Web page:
Sealed room boiler - water supply

Discussion in 'Water Heater Forum, Tanks' started by sprinkler, Nov 8, 2009.

  1. sprinkler

    sprinkler Member

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    I have a sealed room boiler (with built-in hot water tank) which takes the water supply (for hot tap water) from an attic tank. I have a system in the house which turns on the heating at around 5 degrees celcius, in the case that the house is empty and the weather gets very cold, so as to avoid bursting pipes.
    But would it be ok to also empty the water supply tank in the attic in case the temperature got low enough to burst pipes there. I have the hot water temperature set to the minimum (15 degrees - though in practice it would go above 20 degrees) and when the boiler turns on, this water heats up before the rads get hot. My doubt is whether the water level in the boiler tank might go down as the water heats and evaporates? Or should the water supply to the boiler always be available, eventhough no hot water taps are turned on? Thanks.
     
  2. Thatguy

    Thatguy Homeowner

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    In principle, if the boiler is sealed and no taps are open, the water level cannot drop.

    You have a link to your boiler?
     
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  4. sprinkler

    sprinkler Member

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    Well, the part of the system that heats the rads is sealed at a constant pressure of around 1,5 bars. But the hot water supply isn't sealed - when you turn on a hot tap, new water feeds into the boiler from the attic tank. If I empty the attic tank, I thought that some small amount of water would evaporate in the boiler as it heats, and if the attic tank is empty, new water wouldnt replace the water that evaportes in the boiler. Although I imagine that any evaporated water might actually return to the boiler if it cools down before reaching the nearest exit, which would be the attic tank?? Also, even after emptying the attic tank, water would still remain in around 6 meters of pipework to the boiler, though about 3 meters are horizontal pipe.
     
    Last edited by a moderator: Nov 8, 2009
  5. Thatguy

    Thatguy Homeowner

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    If I remember correctly, water in a heated sealed tank will evaporate until the vapor pressure of water equals the pressure in the tank.
    If the tank is effectively unsealed the water will evaporate and be lost. In that case, given the water temp. and air humidity, the rate of loss of water due to evap. can be calculated.
    Maybe I should keep my thermodynamics book, after all. . .:p
    BTW, 1,5 bars (you must be European) = 20 PSI. T & P valves in water heaters release at 125 PSI (?).
     
    Last edited: Nov 8, 2009
  6. sprinkler

    sprinkler Member

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  7. Thatguy

    Thatguy Homeowner

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    My translator doesn't do Gaelic
    http://www.oddcast.com/demos/tts/tts_tran_example.php?clients
    :(
    and your link probably doesn't have the data needed to make the calculation.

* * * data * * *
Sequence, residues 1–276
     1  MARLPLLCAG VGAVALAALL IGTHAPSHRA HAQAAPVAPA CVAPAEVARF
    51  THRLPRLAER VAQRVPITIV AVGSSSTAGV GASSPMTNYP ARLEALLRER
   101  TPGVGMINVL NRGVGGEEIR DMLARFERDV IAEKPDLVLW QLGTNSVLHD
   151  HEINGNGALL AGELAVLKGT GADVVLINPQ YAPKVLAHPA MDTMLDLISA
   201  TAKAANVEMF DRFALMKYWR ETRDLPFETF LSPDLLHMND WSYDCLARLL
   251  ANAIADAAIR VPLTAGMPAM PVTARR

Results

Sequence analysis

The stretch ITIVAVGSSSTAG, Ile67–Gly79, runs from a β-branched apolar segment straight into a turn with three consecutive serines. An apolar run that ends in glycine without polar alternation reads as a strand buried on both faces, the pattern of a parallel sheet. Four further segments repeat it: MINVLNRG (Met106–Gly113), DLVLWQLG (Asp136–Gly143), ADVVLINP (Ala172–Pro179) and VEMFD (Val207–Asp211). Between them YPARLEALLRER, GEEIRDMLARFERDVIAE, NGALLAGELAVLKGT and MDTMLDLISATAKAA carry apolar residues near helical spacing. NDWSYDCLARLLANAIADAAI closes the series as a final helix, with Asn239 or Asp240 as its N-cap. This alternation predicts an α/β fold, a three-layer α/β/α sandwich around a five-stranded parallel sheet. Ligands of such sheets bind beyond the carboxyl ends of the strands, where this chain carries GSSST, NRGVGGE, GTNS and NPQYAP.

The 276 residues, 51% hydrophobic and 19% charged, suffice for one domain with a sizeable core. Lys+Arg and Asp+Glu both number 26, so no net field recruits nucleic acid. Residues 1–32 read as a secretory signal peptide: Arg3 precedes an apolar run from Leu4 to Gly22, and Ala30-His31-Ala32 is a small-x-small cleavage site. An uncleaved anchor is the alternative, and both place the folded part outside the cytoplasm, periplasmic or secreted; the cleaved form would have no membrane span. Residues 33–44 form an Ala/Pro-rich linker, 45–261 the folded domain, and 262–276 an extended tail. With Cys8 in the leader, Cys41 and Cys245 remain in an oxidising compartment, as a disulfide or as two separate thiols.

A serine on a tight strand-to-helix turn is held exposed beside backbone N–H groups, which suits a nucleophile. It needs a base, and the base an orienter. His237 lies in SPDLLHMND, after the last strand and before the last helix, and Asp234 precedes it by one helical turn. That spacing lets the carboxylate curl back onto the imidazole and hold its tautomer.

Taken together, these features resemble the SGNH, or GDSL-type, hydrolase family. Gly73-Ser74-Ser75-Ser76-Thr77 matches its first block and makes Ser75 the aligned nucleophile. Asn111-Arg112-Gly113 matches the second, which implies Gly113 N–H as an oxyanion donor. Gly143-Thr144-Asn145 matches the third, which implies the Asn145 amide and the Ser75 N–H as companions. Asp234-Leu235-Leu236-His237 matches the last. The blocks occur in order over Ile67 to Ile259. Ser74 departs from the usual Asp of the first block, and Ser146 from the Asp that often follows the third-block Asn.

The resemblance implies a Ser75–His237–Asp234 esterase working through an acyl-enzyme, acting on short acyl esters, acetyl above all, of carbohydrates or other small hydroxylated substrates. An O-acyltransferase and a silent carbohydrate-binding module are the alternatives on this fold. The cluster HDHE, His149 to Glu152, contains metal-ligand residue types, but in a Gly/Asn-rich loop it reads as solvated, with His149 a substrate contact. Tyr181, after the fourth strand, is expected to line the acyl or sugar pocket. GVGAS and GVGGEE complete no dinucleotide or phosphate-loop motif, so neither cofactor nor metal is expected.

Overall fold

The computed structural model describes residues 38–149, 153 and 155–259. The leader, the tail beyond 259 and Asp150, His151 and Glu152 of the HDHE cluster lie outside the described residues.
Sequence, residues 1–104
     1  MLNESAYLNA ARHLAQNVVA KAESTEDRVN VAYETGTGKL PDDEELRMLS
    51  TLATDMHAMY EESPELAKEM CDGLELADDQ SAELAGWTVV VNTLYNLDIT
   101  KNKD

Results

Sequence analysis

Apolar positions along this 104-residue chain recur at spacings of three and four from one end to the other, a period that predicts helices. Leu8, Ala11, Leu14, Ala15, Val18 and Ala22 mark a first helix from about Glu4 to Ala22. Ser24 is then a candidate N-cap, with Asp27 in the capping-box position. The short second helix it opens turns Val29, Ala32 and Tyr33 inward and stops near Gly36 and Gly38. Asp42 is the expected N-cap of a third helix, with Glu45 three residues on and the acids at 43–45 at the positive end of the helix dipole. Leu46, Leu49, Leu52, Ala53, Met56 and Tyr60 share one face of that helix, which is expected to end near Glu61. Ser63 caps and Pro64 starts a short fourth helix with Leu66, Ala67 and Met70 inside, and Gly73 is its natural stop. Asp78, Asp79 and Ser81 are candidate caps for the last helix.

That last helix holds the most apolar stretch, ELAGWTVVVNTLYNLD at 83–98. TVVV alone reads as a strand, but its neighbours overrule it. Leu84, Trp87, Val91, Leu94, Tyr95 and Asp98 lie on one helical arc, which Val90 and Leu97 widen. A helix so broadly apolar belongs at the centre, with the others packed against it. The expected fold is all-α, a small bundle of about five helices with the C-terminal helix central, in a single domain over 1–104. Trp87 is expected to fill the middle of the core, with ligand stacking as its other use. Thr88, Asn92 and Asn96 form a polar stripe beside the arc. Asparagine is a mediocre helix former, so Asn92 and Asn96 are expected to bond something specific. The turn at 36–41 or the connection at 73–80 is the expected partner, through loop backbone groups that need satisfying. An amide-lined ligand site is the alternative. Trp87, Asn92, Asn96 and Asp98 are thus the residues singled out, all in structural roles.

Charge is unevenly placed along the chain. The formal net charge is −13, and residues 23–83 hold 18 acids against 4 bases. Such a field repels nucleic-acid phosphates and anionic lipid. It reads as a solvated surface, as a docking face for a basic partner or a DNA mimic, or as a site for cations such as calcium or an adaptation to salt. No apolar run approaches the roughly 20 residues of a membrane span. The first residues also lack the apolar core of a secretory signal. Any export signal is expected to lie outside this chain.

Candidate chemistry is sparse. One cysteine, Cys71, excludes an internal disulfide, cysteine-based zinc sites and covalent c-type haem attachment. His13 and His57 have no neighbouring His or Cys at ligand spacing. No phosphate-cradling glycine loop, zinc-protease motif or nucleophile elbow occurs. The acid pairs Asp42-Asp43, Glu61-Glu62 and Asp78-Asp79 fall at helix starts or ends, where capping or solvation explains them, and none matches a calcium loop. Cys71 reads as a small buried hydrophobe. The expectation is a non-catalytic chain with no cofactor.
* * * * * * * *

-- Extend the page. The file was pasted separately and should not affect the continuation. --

:(

    BTW, the girl in the link will say anything you want her to, but with the wrong inflection for the content of what she's saying. It's hilarious.
    You select "Arabic" to "English" and type in English what you want her to say.
     
    Last edited: Nov 8, 2009
  8. sprinkler

    sprinkler Member

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    But the link I posted is in English.
     
  9. sprinkler

    sprinkler Member

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    I just called Domusa (who make the boiler) and they say it's no problem to empty the attic tank, and that in any case there is a security valve on the boiler, through which the water supply enters, and this valve only allows water to travel into the boiler, not to return. This security valve also opens in case the boiler pressure reached 7 bars. So I think the problem is resolved. Thank you.
     
  10. sprinkler

    sprinkler Member

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    But ..just thinking again - I still think some hot water could evaporate because the hot water normally goes out of the boiler to the kitchen, bathroom etc, where the faucets would be turned off BUT possibly some evaporation could escape back into the attic tank? Then maybe the solution would be to close the valve on the supply line from attic tank to boiler?
     
  11. Thatguy

    Thatguy Homeowner

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    It must have been the rum talking/posting. :p

    You could run an experiment to determine what loss you have over time, if any, if you can measure water levels precisely.
     
    Last edited: Nov 9, 2009
  12. sprinkler

    sprinkler Member

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    Yea, but the hot water tank is inside the boiler, so there's no way to measure the level that I can think of. In any case I think the best solution would be to empty the attic tank IN CASE the weather gets cold enough to burst pipes there, to avoid having a "swimming pool" in the house. Although I do have the attic pipes well insulated...Thank you.
     
  13. nhmaster3015

    nhmaster3015 Master Plumber

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    Fill the boiler with a mixture ofr glycol and water and forget about it.
     
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